Cold weather can lead to increased chance of dangers in the home
With the string of sub zero days this winter and more people looking for ways to keep warm, the chances of incidents related to heating homes can rise.
“If more people are increasing use, there is an increased chance of related dangers,” Rhinelander Fire Chief Terry Williams said. “Certainly the more you use something, the more you see it.”
The dangers associated with heating homes included chimney fires, carbon monoxide poisoning and fires caused by old space heaters.
To decrease the risk of chimney fires, Williams said it is important to take a few preventative steps.
“The biggest thing is to always burn dry wood,” he said. “That will decrease the amount of creosote that can build up in chimneys and catch fire. That is a good reason to also have your chimney cleaned periodically.”
Williams said if the occupant is new to the home, they should have their chimney inspected.
“It is a good idea to have a home that is new to you inspected by a professional service,” he said. “They can check to make sure the chimney and the fire box are sound without cracks and breaks that can let the heat and fire out into the rest of the structure.”
Space heaters are another area that could cause house fires.
“If you use a space heater, make sure you use a modern space heater,” Williams said. “These are made where they have a kill switch if they get tipped over and get too hot. Old space heaters if they tip over on a fire source will just keep putting out heat on that fire source.”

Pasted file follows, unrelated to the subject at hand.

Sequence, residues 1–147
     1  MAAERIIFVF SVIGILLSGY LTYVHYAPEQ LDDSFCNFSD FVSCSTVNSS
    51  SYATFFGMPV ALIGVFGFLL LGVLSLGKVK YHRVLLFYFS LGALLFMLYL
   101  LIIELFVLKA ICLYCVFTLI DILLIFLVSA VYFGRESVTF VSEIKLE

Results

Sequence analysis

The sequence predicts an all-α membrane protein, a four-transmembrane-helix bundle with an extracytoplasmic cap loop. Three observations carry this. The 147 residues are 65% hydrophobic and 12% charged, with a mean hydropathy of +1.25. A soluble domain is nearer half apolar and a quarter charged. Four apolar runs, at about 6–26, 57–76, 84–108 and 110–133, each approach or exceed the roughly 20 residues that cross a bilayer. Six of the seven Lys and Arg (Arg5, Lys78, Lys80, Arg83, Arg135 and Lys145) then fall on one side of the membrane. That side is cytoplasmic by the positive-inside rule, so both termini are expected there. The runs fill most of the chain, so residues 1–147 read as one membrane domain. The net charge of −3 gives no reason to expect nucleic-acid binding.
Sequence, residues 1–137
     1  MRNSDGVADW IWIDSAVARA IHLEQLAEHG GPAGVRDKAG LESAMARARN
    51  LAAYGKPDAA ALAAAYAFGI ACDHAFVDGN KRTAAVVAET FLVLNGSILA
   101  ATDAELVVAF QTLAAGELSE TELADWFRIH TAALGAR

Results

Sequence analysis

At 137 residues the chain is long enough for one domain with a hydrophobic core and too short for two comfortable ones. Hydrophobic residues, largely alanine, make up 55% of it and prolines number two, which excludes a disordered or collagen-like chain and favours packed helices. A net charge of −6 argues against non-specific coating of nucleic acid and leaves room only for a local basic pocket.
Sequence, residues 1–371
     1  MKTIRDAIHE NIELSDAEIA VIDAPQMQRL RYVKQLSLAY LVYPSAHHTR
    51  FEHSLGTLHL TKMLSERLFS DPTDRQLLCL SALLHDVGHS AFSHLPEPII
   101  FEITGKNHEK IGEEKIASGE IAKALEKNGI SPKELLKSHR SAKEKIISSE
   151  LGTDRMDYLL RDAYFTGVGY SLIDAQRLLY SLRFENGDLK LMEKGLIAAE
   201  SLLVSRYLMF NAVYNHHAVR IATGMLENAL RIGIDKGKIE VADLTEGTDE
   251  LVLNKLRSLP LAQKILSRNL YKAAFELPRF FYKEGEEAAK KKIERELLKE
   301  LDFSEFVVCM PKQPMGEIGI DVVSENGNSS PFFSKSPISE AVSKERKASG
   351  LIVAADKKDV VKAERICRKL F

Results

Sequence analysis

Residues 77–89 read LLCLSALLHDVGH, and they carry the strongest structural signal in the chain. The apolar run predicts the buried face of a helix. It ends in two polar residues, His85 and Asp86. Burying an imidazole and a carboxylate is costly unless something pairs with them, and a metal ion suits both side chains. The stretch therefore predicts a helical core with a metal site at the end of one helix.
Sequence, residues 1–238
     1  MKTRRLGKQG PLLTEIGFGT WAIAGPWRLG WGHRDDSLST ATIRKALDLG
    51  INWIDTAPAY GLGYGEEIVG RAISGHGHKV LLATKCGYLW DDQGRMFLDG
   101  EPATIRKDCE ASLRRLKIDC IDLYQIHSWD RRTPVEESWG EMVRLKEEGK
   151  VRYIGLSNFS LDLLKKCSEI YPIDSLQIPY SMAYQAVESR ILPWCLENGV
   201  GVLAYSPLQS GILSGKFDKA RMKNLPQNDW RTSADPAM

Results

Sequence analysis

And if a fire starts, the cold weather outside means the fire department needs to take extra steps to be sure they are safe and their equipment keeps working.
“We just always need to make sure the water keeps running through the hoses,” Williams said. “And make sure our pumps keep working. Moving water is less likely to freeze that water that is sitting still.”
The freezing temperatures can also mean a more dangerous situation for firefighters that may have to enter a structure as the ice build up can strain a fire damaged building.
“The added weight of the ice affects the structure and having guys go into the house you have more danger,” Williams said. “You also have to be concerned about ice falling off the house.”
While a building fire may prove more challenging in the cold, another winter danger is less noticeable. Carbon Monoxide poisoning can be a serious issue. But Williams said it is not usually from a furnace that carbon monoxide is an issue.
“As long as your furnace is in good condition and has a good air exchange you shouldn’t have a problem,” Williams said. “Where carbon monoxide is an issue is when people turn on their car to heat it up in an attached garage that is not ventilated and the carbon monoxide gets into the house.”
Williams said the use of propane or kerosene heaters can lead to higher carbon monoxide levels.
“Anything that is not vented will produce carbon monoxide,” Williams said.
Depending on the levels of carbon monoxide in the home, determines how quickly the gas will affect those breathing it in.
“It really goes by the concentration of carbon monoxide in the air,” Williams said. “Even a low concentration, you could see symptoms.”
Symptoms include headache, dizziness, red skin and nausea. Those who experience symptoms should get to fresh air quickly and call 911.
Medical responders also have to deal with the cold weather when transporting patients.
“Our main goal is to keep the patient warm,” Williams said. “We want to get them into the back of the ambulance which is warm but getting them there, we need to make sure we have enough blankets on hand.”
Williams said extraction equipment and other gear are unaffected by the cold weather.
“All that is not affected,” he said. “Our guys are cold and we want to make sure the patient stays warm but other than that, the cold doesn’t affect us.”